ATV Today takes a look at the DVD release of Tingha and Tucker, the hugely popular Children’s series which ran on ITV in the 1960s.
Tingha and Tucker was a popular children’s series which hit the air quite by accident. When Australian producer and director Reg Watson was sent a present of some Koala toys to ATV they ended up appearing with continuity announcer Jean Morton to fill in some air time during a technical breakdown in 1960. Reg named the marsupials Tingha and Tucker and shortly after the pair became a fixture of the children’s schedules; at first appearing as the continuity stars with Jean at the end of Children’s Hour, before, in 1962, getting their own series.
Several puppets for each character were made for the TV series over its eight year run, with a reported scandal that the all the various versions of the puppets from the show were ‘stolen’ from the ATV studios in Birmingham not long after the series ended in 1970. We’ve done a little investigating, and after speaking with some former staff at the studios we’ve discovered the puppets, toys, sets and other props were actually in the main skipped – thankfully the lead puppets of Tingha and Tucker were saved by some employees at the studios – sadly currently we’ve only been able to track down one 1960s version Tucker, the rest remain lost to time.
Other regular characters in the series included Porky Possum, Ki Ki the Kangaroo, Willie Wombat, Katie Kookaburra and Ermintrude Emu. It was lead hosted by ‘Aunty Jean Morton’ with guest co-hosts including ATV continuity announcer Pat Astley. The series followed the adventures of the Koalas as well as stories and competitions. The series proved so popular a fan club was launched, with members getting their woomarang-boomerang and a club badge. There were also a series of puppets made for fans to buy, these however varied from the telly version – notably they didn’t have any feet! but it didn’t seem to matter to the fans, they bought up anything show related in their droves with best-selling annuals and hit records all in their collections.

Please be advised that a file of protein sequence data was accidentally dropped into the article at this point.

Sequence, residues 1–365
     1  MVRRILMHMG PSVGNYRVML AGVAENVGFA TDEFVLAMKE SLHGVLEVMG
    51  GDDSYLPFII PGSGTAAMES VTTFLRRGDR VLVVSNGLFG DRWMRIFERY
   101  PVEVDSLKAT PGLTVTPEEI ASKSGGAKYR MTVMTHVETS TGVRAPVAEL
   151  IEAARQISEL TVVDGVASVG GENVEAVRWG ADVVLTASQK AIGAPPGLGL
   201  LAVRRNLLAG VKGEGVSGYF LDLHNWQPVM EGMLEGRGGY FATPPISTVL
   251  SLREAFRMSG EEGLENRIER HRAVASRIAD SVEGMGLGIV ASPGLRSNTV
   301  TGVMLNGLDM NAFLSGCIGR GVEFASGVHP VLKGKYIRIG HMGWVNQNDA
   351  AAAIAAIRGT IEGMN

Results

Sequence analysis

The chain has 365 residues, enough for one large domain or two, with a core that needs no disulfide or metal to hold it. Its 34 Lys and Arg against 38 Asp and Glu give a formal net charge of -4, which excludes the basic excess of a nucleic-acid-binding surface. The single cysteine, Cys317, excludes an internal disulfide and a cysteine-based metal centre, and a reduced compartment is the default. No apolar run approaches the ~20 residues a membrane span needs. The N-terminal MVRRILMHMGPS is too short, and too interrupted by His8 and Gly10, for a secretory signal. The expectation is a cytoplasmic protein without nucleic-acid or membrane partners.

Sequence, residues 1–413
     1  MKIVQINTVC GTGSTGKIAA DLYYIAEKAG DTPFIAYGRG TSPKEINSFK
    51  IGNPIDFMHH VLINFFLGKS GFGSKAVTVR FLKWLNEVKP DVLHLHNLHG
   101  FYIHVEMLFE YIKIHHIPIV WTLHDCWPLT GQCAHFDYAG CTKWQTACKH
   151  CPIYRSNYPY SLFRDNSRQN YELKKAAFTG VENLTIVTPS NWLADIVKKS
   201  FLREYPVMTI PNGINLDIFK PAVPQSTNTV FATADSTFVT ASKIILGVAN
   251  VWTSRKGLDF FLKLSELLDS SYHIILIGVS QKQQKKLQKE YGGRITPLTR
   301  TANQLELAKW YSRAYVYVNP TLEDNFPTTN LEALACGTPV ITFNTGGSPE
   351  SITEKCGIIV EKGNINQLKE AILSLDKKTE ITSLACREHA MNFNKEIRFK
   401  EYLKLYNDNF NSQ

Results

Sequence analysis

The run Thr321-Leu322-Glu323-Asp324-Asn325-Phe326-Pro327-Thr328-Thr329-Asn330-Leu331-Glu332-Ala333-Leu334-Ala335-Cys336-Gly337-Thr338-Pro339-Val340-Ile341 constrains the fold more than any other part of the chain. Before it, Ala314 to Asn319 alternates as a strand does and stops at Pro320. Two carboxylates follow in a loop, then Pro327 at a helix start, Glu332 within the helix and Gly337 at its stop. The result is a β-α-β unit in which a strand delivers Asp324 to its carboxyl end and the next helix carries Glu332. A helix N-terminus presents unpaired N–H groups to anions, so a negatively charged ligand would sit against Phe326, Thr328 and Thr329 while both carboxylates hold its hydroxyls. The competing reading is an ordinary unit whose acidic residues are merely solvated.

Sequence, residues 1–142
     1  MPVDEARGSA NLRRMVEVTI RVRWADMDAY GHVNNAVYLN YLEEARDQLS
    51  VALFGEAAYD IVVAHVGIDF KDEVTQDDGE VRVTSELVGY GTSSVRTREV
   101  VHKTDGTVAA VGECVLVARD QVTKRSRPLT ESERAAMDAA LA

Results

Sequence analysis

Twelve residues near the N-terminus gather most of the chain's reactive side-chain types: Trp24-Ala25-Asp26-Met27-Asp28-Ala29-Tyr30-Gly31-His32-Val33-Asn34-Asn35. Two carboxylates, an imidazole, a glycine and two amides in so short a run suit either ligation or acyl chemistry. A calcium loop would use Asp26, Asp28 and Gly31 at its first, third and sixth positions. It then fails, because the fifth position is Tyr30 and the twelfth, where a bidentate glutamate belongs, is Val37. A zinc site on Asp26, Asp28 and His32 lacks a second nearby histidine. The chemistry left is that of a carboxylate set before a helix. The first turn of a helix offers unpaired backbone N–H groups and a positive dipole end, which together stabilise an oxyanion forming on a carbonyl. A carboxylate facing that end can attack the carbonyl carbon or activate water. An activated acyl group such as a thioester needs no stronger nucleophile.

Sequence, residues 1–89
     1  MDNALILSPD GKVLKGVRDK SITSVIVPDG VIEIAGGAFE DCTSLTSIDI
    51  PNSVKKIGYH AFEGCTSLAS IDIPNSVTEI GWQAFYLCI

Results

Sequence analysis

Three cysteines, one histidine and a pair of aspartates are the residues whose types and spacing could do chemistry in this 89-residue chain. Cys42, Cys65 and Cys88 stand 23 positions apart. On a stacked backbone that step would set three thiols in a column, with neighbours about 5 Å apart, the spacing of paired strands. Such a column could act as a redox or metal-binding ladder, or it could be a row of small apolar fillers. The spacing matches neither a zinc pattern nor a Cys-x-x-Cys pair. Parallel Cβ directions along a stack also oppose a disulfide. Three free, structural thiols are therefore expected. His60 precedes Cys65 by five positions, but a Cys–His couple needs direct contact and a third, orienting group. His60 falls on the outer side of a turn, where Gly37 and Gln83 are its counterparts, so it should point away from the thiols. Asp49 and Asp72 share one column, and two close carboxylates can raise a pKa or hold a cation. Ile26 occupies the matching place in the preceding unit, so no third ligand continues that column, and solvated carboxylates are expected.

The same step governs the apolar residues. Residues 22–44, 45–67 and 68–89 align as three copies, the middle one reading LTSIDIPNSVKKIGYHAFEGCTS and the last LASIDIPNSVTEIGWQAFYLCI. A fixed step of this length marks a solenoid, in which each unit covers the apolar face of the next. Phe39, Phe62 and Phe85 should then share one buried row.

At its peak the fan club had three quarters of a million members and in the end the post office couldn’t cope with the amount of mail being sent to the ATV studios, and so the club was closed to new members.
The series was axed by Lew Grade when he decided he had ‘too many bears’ in the children’s slot, as Rupert the Bear had been a popular recent addition to the ITV schedules. Sadly the majority of the episodes were wiped by ATV shortly after ITV transmission, however the recent discovery of a cache of film material has allowed three more editions to be reconstructed especially for DVD release.
We’ll start with Disc One, which has a choice of two menu options, ‘Select an Episode’ and ‘Special Features’. With the episode choice pushed we’re given a list of adventures with the Koalas and Aunty Jean and Uncle Pat.
The first programme is ‘Tingha and Tucker Visit Naples and Rome‘. This 31-minute special sees the furry friends venture abroad to Italy. From the airport to meeting local – very enthusiastic children – the show also takes in the history and locations, and all the characters of the show take a ride with Aunty Jean in a horse drawn carriage. Its a charming episode, and shows just why Jean Morton was so popular with her young viewers. In the wrong hands the factual side of the show could have been very dull and boring, Jean, along with the puppets, makes it far from dull.